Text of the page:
Buying or not buying chocolate chip cookies for your grandchild at McDonald’s does not really affect the major environmental issues we face: A planetary population explosion driven by the availability of food through industrial agriculture that relies on fossil fuels for farming, harvesting, transportation and distribution. This is the basis of the desirable modern lifestyle that lifts people out of poverty. It also drives urbanization, provides workers for the modern corporate economy, but also depletes non-renewable resources and creates various forms of pollution that cannot be absorbed and transformed by the earth’s natural ecological processes.
Look at this illustration of the proportion of land use in the United States and check out the accompanying articles from Bloomberg:
Next, here we have pie chart of energy use in the United States by the Energy Information Administration, again, with an accompanying article:
If you study these two charts, you can see that the problems we face are directly structured into our lifestyle and are the major drivers of our economy.
This is not to say that some progress has not been made in addressing environmental issues. As the National Geographic notes, there have been forty-nine major environmental victories since the first Earth Day on April 22, 1970. (Fifty if you count the Wilderness Act of 1964.) Among these have been: National Environmental Policy Act of 1969 (in effect in 1970), Federal Environmental Pesticide Control Act (1972), Clean Water Act (1972), Endangered Species Act (1973), Get the Lead Out of Gas (beginning in 1974 to completion in 1995), Rio Earth Summit (1992) and many others.
Moreover, there has been somewhat of a global effort to transition energy from fossil fuels to renewables.
Yet, progress has been in small steps. Since Earth Day in 1970, the global population of 3.75 billion has doubled to 7.7. Global greenhouse gas emissions have more than doubled, according the EPA:
What puts us in the middle of an environmental dilemma—the wonderful modern lifestyle with its food, shelter, medicine, travel and education—is that this lifestyle comes at a heavy, destructive environmental cost with pollution, climate change, rising sea levels and an increase in droughts that affect both populations and agriculture.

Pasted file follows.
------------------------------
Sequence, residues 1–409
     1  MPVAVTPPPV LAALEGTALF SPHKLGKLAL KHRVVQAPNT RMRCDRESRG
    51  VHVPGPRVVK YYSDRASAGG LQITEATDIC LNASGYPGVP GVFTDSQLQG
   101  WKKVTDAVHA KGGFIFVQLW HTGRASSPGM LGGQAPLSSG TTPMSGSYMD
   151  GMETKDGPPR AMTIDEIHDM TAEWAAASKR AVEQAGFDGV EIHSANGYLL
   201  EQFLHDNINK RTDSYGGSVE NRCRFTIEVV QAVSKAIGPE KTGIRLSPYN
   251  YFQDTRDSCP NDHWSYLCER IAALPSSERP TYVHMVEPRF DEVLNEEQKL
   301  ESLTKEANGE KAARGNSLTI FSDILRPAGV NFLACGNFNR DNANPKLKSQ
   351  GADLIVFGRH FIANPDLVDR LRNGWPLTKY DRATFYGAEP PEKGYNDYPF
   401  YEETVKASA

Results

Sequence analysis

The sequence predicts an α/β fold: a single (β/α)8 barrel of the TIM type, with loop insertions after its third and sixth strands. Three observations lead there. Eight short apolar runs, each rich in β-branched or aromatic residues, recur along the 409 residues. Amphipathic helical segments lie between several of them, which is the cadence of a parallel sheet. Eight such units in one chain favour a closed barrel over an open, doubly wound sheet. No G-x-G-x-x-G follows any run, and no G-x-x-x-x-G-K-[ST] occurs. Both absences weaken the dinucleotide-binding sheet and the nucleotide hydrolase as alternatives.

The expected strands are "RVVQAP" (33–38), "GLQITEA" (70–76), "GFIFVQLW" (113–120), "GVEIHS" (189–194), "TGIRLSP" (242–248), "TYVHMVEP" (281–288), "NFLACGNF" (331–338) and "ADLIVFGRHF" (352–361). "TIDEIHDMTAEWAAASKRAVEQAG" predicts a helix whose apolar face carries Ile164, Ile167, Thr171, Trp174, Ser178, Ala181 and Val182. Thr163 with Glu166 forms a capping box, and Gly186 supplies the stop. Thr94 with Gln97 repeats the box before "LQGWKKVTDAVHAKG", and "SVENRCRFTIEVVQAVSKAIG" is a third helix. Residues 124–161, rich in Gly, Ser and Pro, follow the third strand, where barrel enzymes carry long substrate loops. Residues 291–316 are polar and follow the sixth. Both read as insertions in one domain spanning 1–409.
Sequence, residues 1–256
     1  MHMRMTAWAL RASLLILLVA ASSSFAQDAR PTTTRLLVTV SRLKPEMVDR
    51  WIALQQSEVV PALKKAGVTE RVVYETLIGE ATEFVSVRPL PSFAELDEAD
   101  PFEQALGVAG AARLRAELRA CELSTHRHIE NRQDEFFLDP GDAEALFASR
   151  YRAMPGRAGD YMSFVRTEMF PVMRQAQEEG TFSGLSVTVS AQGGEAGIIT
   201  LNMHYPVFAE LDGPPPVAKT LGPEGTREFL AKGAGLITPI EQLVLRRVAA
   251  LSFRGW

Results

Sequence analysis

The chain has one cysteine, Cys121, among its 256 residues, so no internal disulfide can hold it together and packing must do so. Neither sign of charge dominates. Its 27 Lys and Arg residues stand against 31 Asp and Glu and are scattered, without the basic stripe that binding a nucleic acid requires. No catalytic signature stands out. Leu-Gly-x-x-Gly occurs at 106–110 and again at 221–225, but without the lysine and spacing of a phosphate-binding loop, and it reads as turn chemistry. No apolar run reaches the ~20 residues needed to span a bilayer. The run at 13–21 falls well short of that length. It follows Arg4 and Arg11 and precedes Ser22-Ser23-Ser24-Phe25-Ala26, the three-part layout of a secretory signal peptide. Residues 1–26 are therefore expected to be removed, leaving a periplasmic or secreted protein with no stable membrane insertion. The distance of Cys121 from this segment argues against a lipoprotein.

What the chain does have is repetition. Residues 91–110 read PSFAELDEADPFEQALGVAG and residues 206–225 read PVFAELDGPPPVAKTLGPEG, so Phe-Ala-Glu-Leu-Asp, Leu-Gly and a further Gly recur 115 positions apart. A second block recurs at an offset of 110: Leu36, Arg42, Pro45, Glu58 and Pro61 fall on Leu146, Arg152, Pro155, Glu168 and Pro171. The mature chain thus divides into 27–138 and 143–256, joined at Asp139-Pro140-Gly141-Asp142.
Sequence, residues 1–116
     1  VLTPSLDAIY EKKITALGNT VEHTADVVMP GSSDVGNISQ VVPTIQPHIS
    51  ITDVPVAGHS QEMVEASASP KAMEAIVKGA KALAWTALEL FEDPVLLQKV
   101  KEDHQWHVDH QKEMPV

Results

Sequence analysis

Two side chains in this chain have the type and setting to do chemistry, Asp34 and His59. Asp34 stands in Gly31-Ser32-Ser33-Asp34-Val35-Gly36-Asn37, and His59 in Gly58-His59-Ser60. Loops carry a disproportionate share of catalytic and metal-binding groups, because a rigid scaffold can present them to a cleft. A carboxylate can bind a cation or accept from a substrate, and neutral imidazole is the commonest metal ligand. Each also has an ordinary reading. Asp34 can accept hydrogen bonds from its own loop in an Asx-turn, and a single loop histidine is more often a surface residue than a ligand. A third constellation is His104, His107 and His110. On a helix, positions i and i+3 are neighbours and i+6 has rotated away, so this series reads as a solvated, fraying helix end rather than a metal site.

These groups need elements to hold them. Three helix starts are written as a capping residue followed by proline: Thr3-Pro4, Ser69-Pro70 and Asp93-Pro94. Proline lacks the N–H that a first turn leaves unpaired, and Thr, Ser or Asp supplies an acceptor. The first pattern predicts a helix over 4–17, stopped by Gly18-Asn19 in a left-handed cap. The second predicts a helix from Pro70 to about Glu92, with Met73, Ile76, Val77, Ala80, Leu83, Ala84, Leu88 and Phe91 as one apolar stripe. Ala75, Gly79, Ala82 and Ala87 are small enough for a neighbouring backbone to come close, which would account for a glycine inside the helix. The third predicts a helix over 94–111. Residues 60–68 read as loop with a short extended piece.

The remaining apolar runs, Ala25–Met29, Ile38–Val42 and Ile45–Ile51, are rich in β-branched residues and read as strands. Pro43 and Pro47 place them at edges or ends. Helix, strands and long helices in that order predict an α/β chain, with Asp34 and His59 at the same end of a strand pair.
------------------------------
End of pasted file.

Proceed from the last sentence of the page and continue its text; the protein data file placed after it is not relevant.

So, although there have been a large number of environmental victories over the past five decades, major ecological factors have continued to worsen. And, the lobbying efforts of the corporate status quo vastly outspend their environmental counterparts by upwards of ten to one, as we can see in this pie chart:
The anti-environmental trend has reached a fever pitch with the current Trump Administration where we have seen over 80 environmental rules rolled back. As the New York Times reports:
President Trump has made eliminating federal regulations a priority. His administration, with help from Republicans in Congress, has often targeted environmental rules it sees as burdensome to the fossil fuel industry and other big businesses.
What increases the effect of such anti-environmental lobbying and direct anti-environmental policy making on a global scale is the fact that, as Global Witness has exposed, environmental activists are killed overseas at the rate of three per week.
This stifling of discussion on environmental policies is an unfolding human tragedy.
The shift from fossil fuels is beyond monumental in scope. None of us can conceive of what a gargantuan project this is. The shift from producing waste and pollution as we live our modern, comfortable lifestyle is equally difficult. The task of reining in population growth is of the same magnitude. Accomplishing these changes as we provide a modern lifestyle to people through a sound economy may be impossible.
The goal of The Eastern Woodlands Fusion is to advocate for environmental change through informing our readers, asking them to support political candidates who themselves advocate sound environmental policies that will result in tangible changes and engage fellow citizens in conversations about our environmental problems.
When my grandson is old enough to realize what is going on, he, along with my other grandchildren and their friends, will thank you. Maybe with a cookie.